Family's Ordeal Ends as Missing Son Comes Home

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By Kari Lydersen and Peter Slevin
Washington Post Staff Writers
Sunday, January 14, 2007

KIRKWOOD, Mo., Jan. 13 -- Somehow, after all the dashed hopes and dead ends, after four years of fruitlessly searching forests and mine shafts and Internet bulletin boards, Craig and Pam Akers still expected they would hear news of their kidnapped son.

They just never expected the news would be this good.

The cellphone rang Friday afternoon as the couple drove home from work through a cold sleet. The county prosecutor was on the line. He advised them to pull over, and their hearts began to pound.

"The next words were, 'We're 95 percent sure we've found Shawn and he's alive,' " Craig Akers said Saturday. "Those were the sweetest words I ever heard in my life."

Police found Shawn Hornbeck, now 15, alive and seemingly well on Friday when they searched a suburban St. Louis apartment for a second kidnapped boy, Ben Ownby, a 13-year-old snatched early last week on his way home from school.

Both boys appeared healthy and at ease during news conferences Saturday, smiling as cameras flashed. Their parents did the talking, speaking of prayers answered and asking for privacy to let it all sink in.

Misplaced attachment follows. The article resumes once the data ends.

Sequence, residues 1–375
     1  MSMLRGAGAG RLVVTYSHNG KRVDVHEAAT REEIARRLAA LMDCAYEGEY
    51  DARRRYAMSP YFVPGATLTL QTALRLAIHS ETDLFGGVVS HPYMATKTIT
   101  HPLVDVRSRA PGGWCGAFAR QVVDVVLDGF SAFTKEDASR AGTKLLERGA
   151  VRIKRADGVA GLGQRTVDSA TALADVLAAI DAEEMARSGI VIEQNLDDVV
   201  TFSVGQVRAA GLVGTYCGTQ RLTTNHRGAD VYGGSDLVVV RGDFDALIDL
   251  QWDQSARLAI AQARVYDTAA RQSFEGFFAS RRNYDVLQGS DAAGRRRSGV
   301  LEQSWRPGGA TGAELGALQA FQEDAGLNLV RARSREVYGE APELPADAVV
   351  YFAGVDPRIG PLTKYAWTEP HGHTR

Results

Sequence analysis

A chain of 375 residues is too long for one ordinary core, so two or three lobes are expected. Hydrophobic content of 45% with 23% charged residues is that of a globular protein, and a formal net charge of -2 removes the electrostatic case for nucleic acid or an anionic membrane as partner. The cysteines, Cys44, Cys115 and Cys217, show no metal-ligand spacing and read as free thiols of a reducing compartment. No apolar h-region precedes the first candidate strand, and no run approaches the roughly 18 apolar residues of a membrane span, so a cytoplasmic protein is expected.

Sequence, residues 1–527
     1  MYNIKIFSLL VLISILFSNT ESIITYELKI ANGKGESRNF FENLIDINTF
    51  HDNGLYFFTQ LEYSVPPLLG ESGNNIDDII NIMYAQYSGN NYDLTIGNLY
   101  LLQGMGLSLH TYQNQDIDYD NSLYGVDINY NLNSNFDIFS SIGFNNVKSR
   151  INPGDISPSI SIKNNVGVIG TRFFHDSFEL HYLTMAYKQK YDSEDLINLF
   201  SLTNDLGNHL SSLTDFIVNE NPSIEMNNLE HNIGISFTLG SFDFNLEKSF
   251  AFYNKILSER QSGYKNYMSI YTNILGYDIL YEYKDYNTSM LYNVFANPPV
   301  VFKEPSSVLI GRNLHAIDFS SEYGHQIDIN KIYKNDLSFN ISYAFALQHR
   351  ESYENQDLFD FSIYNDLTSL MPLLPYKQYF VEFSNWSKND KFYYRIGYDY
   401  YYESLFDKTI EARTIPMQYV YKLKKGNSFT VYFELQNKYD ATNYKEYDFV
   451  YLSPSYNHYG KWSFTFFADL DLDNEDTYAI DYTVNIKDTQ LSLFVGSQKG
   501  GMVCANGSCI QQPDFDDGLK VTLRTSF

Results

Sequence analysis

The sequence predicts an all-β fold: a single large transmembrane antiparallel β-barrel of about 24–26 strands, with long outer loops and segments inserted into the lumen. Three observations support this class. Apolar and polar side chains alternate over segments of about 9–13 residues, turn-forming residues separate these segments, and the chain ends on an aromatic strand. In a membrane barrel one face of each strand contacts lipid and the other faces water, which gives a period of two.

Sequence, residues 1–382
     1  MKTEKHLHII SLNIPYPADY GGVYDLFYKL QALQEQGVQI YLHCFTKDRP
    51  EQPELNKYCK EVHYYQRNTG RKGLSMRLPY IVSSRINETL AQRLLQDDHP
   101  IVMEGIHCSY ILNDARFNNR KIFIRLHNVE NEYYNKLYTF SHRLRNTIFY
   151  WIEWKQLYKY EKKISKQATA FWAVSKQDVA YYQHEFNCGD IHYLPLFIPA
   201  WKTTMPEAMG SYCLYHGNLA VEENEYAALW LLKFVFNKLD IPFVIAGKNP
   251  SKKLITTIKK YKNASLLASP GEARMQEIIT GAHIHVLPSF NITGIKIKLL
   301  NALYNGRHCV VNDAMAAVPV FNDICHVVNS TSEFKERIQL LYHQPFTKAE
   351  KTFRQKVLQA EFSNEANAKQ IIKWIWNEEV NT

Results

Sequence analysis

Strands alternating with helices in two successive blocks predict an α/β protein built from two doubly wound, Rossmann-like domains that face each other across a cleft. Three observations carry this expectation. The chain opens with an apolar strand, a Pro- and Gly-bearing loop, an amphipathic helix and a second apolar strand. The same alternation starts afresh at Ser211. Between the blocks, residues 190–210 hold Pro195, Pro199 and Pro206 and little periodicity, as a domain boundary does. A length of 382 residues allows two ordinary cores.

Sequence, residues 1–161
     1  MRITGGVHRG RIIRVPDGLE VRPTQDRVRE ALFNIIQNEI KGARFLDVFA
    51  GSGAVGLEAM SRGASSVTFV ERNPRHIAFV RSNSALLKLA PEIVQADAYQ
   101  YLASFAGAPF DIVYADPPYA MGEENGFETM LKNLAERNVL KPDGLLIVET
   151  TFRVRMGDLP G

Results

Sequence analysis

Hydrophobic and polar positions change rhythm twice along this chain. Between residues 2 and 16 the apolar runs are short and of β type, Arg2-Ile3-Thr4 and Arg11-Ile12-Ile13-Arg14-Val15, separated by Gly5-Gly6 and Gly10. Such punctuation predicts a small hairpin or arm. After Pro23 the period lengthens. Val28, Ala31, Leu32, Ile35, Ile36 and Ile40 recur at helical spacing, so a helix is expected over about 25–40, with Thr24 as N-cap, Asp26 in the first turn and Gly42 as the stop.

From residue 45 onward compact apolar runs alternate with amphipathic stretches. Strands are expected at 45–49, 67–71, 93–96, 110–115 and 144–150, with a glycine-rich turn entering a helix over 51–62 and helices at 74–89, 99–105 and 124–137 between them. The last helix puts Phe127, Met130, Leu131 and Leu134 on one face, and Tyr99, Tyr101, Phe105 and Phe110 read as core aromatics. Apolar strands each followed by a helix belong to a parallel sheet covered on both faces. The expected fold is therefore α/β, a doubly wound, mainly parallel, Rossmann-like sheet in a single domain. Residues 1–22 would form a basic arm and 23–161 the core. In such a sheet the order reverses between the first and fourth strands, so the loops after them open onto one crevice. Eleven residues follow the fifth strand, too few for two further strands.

"Shawn is a miracle here," Pam Akers said. "I still feel like I'm in a dream. Only this time it's a good dream, it's not my nightmare I've lived for 4 1/2 years."

Authorities charged Michael Devlin, 41, a pizza shop worker who moonlights at a funeral home, with one count of kidnapping but revealed little of what they know. Publicly, they marveled at the rescue of two teenagers kidnapped four years and 40 miles apart, one of them all but given up for dead.

Franklin County Sheriff Gary Toelke summed up the mood when he told reporters, "We have some good news, and we have some probably unbelievable news."

The path to finding Shawn, kidnapped in 2002 while riding his bike near his home in Richwoods, began when Ben turned up missing on Monday after a school bus dropped him off near his home in rural Beaufort. A friend of Ben's told police that a white pickup truck with a camper shell sped away on the gravel road at about the time Ben disappeared.

Kirkwood police saw the truck, obtained a search warrant and wrote the uncommonly happy ending. The boys met their disbelieving families at the sheriff's department. Devlin, raised and schooled nearby, was already under arrest.

Akers, who is Shawn's stepfather, told reporters gathered in an elementary school gym what it was like when he laid eyes on the gangly teenager with floppy hair, a hooded sweatshirt and a pierced lip.


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© 2007 The Washington Post Company

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